On Happiness


The other day while commuting, I sat next to a man and his daughter. The man was ordinary, a construction worker perhaps, and he was carrying his daughter's bag. His daughter was probably around 6 or 7 years old and was really skinny. She kept looking at me. At one stop, there was no more room left but someone wanted to ride so the dad told his daughter to sit on his lap. The passenger that entered was a very negative entitled woman and she sat next to me. She was huffy cause she had lots of things and there wasn't any much room in the aisle for her to pass. She was obnoxiously ranting out loud (obviously wanting the father to hear it) that there wasn't room anymore and the father should've just moved to sit next to me. Do you know how it feels when you're enjoying a sunny day and someone just blocks in on your sun? That's how I felt the minute the woman entered and sat next to me.

Before that day, I didn't realize that you could actually feel negative energy radiating off a person. There I was, on an endorphin high, having just come from the gym, and then all I felt then was her anger, which then made me think negative thoughts. In fact, the tension was so palpable. Every now and then she'd look to the father and daughter in scorn and when the jeep had a bit more room, she moved away from them to the seat on the opposite aisle. Then across me, I could still see her muttering. The dad, meanwhile, pretended not to notice (patay-mali) and I have to commend him for not falling prey and getting into a fight with her. I was just thisclose to doing so myself. I wanted to go on a Twitter or Facebook rampage about it because I wanted to get my feelings out but I thought, what good would that do? It would be better to have confronted her about it but I didn't anyway. So I took a cue from the father and I let it go.

I thought I'd forget about that incident. However, something happened last night that made me remember. I remember that night, I realized that I could easily be that nasty woman to someone else. Someone could be having a good day and once I come around, it'd turn sour. I didn't want my presence to be one that brings in the rain; I want to be the sun to someone's day.

 Since the year started, I've been reading the Happiness Project by Gretchen Rubin. Mostly, at the start of the month, I just take cues from the little monthly resolutions she makes and modify them to tailor my own needs. I don't have a comprehensive resolution chart like hers, however, where she checks off her resolutions everyday to see if she's following them. I mean, I can barely even update my planner and food diary! Some of her resolution and tips are really simple, but here are some of mine. These are things that I've noticed have brought me a bit more happiness, especially these past few weeks:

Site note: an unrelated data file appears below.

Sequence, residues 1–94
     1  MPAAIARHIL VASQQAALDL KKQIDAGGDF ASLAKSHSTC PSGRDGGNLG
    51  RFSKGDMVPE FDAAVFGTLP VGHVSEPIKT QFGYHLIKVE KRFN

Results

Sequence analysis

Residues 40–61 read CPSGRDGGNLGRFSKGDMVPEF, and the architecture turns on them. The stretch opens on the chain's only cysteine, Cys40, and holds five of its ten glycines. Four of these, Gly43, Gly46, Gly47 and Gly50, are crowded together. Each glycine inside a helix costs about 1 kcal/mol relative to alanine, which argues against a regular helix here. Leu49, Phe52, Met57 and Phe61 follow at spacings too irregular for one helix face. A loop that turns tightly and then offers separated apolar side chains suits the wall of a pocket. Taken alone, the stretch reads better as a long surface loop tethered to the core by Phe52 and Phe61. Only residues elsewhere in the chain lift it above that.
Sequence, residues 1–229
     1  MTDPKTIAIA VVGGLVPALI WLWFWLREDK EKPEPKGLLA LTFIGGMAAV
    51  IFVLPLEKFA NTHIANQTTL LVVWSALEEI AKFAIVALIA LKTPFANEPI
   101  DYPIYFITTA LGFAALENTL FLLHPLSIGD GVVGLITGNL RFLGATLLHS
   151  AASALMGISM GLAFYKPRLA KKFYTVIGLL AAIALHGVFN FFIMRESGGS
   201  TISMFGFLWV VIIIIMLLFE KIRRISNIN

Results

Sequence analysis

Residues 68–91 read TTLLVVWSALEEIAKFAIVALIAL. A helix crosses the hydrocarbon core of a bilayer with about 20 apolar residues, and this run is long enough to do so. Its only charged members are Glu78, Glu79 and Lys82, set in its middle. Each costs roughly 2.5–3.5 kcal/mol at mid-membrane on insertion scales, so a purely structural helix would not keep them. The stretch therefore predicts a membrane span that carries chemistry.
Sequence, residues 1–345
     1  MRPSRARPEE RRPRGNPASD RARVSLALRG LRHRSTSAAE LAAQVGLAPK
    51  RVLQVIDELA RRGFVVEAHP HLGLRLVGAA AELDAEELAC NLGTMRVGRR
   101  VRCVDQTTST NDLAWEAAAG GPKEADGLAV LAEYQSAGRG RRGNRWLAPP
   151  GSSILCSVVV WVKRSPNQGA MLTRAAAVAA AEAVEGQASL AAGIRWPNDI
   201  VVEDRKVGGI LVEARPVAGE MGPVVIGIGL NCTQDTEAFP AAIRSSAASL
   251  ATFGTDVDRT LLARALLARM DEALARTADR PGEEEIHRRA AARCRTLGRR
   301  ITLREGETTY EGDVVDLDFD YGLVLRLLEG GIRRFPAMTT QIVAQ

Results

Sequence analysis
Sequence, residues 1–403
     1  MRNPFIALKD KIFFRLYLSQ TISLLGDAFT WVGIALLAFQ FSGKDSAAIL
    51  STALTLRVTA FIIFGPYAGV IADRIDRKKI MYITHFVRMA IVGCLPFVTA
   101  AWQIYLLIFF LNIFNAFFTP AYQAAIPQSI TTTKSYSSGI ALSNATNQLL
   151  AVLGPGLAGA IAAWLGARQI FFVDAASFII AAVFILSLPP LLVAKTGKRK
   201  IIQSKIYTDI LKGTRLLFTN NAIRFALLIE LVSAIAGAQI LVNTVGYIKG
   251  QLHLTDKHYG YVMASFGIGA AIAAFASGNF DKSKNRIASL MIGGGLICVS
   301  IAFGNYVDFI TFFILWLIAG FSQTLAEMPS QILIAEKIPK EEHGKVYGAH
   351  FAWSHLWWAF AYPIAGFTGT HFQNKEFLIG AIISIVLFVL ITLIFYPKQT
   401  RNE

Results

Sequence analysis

1) Learn to accept compliments (and learn to offer one back). 
What is with us and shrugging off compliments? People nowadays are so used to fanning off compliments because they don't want people to think they are full of themselves. Just say "thank you" and smile. Part of The Secret to getting what you want is affirmation and gratitude. Doesn't it feel especially good when someone notices something you've worked hard on (eg: weight loss)? Just think of it this way: why is it that we can stand up for ourselves when someone talks negative us but get afraid or shy away when someone has something positive to say about us? Why turn away good words? 

2) Accept yourself.
This is probably the vaguest one that's so cliche but true. Accepting yourself is a little more complicated than you could imagine taking in at face value, and it's a different journey for everyone. I can't tell you exactly how to do that for yourself since it's taken (taking?) me years to grasp that. Basically, accepting yourself is being comfortable with yourself and how you look. It's knowing who you are and not trying to change that to impress anybody. Let's be realistic here though, you won't always love yourself--you'll have bad days too, cause you're human after all--but being at peace with who you are and realizing that brings a certain kind of quiet happiness (and confidence!) you won't be able to explain.

3) Forgive.
Okay, so I'll let you in on a little stepping stone to start the journey to accepting yourself: FORGIVE. Forgive yourself, first and foremost. You're not perfect and that's okay. Don't beat yourself up over things you did and didn't do. For the things you did, especially if they're wrong, say sorry. For the things you didn't do, especially if you can still change them, do it. For the things you didn't do, learn from them. I would know this lesson by heart because I'm a perfectionist myself. I would overthink, overanalyze then beat myself up over what I did and didn't do, which led me to self-loathing, a little further into the path opposite acceptance. We are our worst critics so it's actually harder for us to forgive ourselves than forgive someone else. Remember, forgiveness is the first step to moving forward.

oversized plaid polo: thrifted || skirt and studded loafers: Cotton On || black top: Forever 21

BTW, just to get a little into the outfit: This is the Farrah way of wearing a grunge piece. I'm not very indie, boho or rock. I've got a pretty timeless/polished style so I went with more glamorous pieces like the studded top to glam up the oversized plaid polo. I also chose more fitted pieces to pair with the polo (the polo lends a comfy/casual daytime vibe) so the outfit could be worn from day to night.

Hope I got to help! :)

  PS. Happy 24th wedding anniversary to my parents! :)

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